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Anastasia Kerr-German, Ph.D.

Anastasia Kerr-German, Ph.D.



I received my B.S. in psychological sciences from Georgia College & State University in 2014, going to receive my M.A. in Experimental Psychology with a concentration in Developmental Psychology in 2016. I then received my Ph.D. in Experimental Psychology with a concentration in Developmental Cognitive Neuroscience in 2019. I completed my post-doctoral training in 2020 at Boys Town National Research Hospital under the supervision of Dr. Karla McGregor in the CCDLL and training through the Neurobehavioral Research Group at Boys Town Hospital. Currently, I am faculty in the CCDLL, directing the B.E.A.R. Lab.

The B.E.A.R. lab focuses on the investigation of attention, executive functioning, and the neural mechanisms underlying developmental change in cognitive and linguistic outcomes in young children. Namely, we are interested in the development of disorders such as ADHD in toddlers and young children, prior to the age of diagnosis in order to map the ontogeny of these disorders prior to the feasibility of diagnosing in these groups. To address these goals, I have developed a two-pronged program of research on attention and executive function with two primary foci. The first is to establish methods allowing the measurement of these processes in children younger than 6 years of age so that we can translate and scale tasks across developmental timelines (e.g., Buss & Kerr-German, 2019; Kerr-German, Buss, et al., 2022; Kerr-German & Buss, 2020). The second is to understand the atypical development of these processes among children at risk for neurodevelopmental disorders (Kerr‐German et al., 2022; Kerr-German, Buss, et al., 2022; Kerr-German et al., 2022). Focus 1 of my research program is critical for addressing the “toddler data desert", a phrase I have coined to describe the lack of neurobehavioral research on attention and executive functioning in children ages 18-30 months old. fNIRS in combination with other methods now allows us to probe this age group successfully to address mechanistic questions concerning the development of these processes as they relate to both the brain and behavior. Focus 2 is a necessary parallel to Focus 1. To better understand typical and atypical development we should study them together. As I develop new methods and tasks that prove successful at scaling for developmental appropriateness in toddlers through the preschool years, I then translate them to risk populations to test my hypotheses about how neural and behavioral development is altered in these children within the same paradigms. This allows us to simultaneously push theory and practice forward for all children.  

One major difference between these two foci is that Focus 1 aims to improve methods for very young children (i.e., 2-5-year-olds) while Focus 2 applies these methodological innovations to test mechanisms in populations where deficiencies or developmental divergence is expected. I more recently have begun adding in new clinical populations, namely DLD, as well as additional age groups (12-24 month-olds and 6-8 year-olds) to my existing line of research in order to 1) allow me to further dive into the mechanisms I am exploring in typically developing children by giving me an additional age groups and clinical outcomes to consider and 2) provide a closely related parallel population for comparison to my risk-for-ADHD group, while also considering earlier detectible risk factors (i.e., late talkers) to address instances where these disorders are comorbid.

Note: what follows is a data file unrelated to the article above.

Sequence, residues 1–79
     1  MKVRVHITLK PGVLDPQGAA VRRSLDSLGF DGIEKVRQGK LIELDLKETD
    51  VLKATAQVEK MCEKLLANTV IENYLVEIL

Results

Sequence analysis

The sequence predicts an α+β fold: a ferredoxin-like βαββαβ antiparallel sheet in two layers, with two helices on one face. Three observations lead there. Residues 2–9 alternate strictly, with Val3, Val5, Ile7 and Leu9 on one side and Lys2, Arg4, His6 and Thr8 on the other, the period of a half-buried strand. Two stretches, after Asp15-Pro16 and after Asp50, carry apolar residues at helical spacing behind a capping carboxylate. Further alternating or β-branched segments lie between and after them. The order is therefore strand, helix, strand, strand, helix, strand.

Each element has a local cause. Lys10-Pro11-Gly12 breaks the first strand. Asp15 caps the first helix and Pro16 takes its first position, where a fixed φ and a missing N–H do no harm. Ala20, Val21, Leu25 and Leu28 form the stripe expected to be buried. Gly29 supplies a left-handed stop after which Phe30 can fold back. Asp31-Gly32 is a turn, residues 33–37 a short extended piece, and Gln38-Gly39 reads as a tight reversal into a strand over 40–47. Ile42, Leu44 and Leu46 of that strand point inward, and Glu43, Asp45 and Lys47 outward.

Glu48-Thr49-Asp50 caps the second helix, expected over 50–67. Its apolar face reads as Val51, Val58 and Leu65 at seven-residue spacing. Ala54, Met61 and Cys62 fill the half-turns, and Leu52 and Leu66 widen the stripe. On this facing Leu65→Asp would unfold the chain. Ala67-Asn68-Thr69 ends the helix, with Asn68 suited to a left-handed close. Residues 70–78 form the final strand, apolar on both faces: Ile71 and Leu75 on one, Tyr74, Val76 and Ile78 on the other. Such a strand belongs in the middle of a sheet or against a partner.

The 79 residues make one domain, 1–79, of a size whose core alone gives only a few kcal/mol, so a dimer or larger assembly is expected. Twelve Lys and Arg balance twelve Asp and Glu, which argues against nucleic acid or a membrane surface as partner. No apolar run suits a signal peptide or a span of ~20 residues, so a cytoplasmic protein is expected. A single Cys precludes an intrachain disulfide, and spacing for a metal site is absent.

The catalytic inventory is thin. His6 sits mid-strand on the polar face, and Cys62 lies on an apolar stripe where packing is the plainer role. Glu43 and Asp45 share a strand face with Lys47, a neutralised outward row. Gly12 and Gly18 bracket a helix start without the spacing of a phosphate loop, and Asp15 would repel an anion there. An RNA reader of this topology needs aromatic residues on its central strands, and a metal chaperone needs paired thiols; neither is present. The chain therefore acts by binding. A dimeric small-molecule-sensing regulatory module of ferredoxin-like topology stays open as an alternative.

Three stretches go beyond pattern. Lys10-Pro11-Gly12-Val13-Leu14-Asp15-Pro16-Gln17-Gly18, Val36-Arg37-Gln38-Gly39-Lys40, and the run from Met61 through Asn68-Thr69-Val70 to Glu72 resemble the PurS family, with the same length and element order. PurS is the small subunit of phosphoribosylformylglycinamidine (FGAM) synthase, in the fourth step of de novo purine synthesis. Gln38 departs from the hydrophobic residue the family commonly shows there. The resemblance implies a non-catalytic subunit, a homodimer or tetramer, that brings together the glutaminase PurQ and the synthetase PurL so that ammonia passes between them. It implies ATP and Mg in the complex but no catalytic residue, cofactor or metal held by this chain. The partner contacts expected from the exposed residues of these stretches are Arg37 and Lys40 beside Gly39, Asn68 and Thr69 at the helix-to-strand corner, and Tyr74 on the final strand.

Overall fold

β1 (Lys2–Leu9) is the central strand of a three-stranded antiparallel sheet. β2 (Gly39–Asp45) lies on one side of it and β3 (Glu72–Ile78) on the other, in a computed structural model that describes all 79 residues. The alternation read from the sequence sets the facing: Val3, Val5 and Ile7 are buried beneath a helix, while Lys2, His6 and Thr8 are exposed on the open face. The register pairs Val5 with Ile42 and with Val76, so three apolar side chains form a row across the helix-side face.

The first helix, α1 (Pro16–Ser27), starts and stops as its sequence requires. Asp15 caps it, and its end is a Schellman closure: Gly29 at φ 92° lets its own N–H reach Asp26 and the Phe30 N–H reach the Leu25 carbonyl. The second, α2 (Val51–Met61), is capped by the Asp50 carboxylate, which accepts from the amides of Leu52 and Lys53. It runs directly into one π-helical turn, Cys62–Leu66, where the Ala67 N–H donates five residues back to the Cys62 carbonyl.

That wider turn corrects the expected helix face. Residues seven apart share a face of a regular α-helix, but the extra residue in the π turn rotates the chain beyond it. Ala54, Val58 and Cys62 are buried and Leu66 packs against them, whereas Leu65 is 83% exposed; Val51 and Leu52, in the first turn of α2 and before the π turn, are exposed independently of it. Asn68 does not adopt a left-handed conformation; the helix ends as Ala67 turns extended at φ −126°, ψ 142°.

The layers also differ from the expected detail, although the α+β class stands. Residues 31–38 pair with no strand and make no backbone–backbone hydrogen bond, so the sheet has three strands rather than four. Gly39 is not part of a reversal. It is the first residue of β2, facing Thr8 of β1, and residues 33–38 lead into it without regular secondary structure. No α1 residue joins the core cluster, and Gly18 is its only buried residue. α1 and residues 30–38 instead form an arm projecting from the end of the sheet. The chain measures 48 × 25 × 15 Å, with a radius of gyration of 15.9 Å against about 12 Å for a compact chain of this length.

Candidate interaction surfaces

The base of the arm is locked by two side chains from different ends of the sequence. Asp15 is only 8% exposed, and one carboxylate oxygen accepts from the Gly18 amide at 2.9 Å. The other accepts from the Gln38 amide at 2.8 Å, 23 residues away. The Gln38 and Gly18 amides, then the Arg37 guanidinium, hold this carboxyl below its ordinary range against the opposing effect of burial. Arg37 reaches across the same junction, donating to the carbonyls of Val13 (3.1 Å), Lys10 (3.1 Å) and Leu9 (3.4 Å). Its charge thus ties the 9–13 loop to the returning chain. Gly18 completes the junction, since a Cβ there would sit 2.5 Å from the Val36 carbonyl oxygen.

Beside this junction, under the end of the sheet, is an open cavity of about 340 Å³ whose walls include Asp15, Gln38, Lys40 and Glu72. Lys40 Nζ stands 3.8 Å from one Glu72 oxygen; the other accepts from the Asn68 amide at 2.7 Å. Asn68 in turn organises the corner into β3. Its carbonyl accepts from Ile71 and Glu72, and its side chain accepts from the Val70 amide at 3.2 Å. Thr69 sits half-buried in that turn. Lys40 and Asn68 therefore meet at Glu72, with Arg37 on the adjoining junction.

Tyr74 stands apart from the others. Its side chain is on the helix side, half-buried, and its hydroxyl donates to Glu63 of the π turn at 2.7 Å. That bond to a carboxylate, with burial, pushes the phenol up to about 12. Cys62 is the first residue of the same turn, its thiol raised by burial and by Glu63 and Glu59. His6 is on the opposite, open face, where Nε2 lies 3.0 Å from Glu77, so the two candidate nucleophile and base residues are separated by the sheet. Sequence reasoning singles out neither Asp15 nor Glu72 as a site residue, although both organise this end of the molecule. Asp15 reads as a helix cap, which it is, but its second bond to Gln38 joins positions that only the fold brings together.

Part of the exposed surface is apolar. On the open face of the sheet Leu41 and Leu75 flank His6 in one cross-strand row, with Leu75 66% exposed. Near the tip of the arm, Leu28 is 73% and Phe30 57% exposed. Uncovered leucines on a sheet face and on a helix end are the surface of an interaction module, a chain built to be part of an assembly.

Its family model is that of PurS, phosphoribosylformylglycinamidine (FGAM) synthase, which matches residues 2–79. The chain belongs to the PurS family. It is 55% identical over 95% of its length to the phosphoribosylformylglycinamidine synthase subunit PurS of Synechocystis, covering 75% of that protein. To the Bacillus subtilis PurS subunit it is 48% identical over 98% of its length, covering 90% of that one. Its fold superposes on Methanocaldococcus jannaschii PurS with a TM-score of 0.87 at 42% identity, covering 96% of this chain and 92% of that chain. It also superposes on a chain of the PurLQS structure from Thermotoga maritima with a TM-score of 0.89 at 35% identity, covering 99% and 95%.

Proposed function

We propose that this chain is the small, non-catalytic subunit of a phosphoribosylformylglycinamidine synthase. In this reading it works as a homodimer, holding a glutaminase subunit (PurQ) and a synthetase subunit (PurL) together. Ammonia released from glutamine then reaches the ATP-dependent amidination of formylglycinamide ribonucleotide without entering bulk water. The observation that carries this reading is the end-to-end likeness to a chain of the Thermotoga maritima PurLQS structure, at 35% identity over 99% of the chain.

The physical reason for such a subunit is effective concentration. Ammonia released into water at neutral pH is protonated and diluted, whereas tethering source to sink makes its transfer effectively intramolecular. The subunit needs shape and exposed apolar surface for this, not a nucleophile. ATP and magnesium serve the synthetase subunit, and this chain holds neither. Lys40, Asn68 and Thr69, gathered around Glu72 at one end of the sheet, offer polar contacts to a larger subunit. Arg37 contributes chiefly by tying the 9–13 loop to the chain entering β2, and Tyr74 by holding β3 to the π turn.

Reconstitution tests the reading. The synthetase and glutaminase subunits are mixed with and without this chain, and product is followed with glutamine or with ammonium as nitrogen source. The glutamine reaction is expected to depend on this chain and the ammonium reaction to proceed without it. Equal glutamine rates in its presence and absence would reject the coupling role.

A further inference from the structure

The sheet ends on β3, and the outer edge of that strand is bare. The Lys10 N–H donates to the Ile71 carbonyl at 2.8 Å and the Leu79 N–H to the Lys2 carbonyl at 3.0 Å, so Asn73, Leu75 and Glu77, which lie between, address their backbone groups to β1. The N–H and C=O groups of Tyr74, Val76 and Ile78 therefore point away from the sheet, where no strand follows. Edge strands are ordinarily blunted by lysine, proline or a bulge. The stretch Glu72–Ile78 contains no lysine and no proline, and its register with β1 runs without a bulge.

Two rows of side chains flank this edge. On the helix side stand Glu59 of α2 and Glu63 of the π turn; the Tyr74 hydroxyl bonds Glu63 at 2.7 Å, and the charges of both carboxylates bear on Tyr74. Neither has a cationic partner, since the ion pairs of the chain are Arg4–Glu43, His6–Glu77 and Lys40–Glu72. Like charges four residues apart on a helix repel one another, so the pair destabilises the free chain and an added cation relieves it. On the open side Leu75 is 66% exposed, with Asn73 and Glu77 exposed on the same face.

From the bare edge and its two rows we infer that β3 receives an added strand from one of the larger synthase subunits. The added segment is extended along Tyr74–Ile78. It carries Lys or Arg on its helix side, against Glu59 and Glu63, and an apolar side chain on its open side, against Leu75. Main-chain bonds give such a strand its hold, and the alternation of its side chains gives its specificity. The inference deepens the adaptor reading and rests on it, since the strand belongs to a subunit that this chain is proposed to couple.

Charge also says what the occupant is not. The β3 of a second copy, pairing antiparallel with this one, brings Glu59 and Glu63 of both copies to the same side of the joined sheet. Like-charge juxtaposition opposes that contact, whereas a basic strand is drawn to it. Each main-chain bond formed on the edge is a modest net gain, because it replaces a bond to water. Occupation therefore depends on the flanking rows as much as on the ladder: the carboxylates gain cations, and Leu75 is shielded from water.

Select Publications:

Neural Mechanisms Underlying Differences in Attention, Inhibitory Control, and Executive Functioning in Typically Developing Children ages 2- to 5-years-old

Kerr-German, A.N., Namuth, A., Santosa, H., Buss, A.T., & White, S. (2022). To snack or not to snack: Using fNIRS to link inhibitory control to functional connectivity in the toddler brain. Developmental Science, e13229. [PMID: 35005833, epub ahead of print]

Kerr-German, A.N. & Buss, A.T. (2020). Exploring the neural basis of selective and flexible dimensional attention: An fNIRS study. Journal of Cognition and Development, 21(3), 313-325. [PMCID: PMC7522711]

Buss, A.T. & Kerr-German, A.N. (2019). Dimensional attention as a mechanism of executive function: Integrating flexibility, selectivity, and stability. Cognition, 192, 104003. [PMCID: PMC6732247]

Defenderfer, J., Kerr-German, A.N., Hedrick, M., & Buss, A.T. (2017). Investigating the role of temporal lobe activation in speech perception accuracy with normal hearing adults: An event-related fNIRS study. Neuropsychologia, 106, 31-41. [PMID: 28888891, PMC – N/A]

Select Works Under Review or in Prep:

Kerr-German, A.N., Tas, C., & Buss, A.T. Examining the relationship between oculomotor and manual measures of attention in toddlers via fNIRS: Towards Addressing the Toddler Data Desert in Attention Research. Manuscript Under Review.

Kerr-German. A.N., Santosa, H., Buss, A.T., White, S., & Doucet, G. Assessing

the relationship between risk for ADHD and functional connectivity in toddlers. Manuscript Under Review.

Kerr-German, A. N., Namuth, A., Mohammad, S., Tuman, J., Gordan, C., & White, S. Proposing a unified profile of trait characteristics, neural connectivity, and task performance in children ages 2 to 5-years old with parental risk for ADHD. Manuscript in Prep.

Kerr-German, A. N., AuBuchan, A., & McCreery, R. A Time Series Approach to Conceptualizing the Role of Attentional Processing for Active Suppression to Background Noise in Healthy Adults via fNIRS. Manuscript in Prep.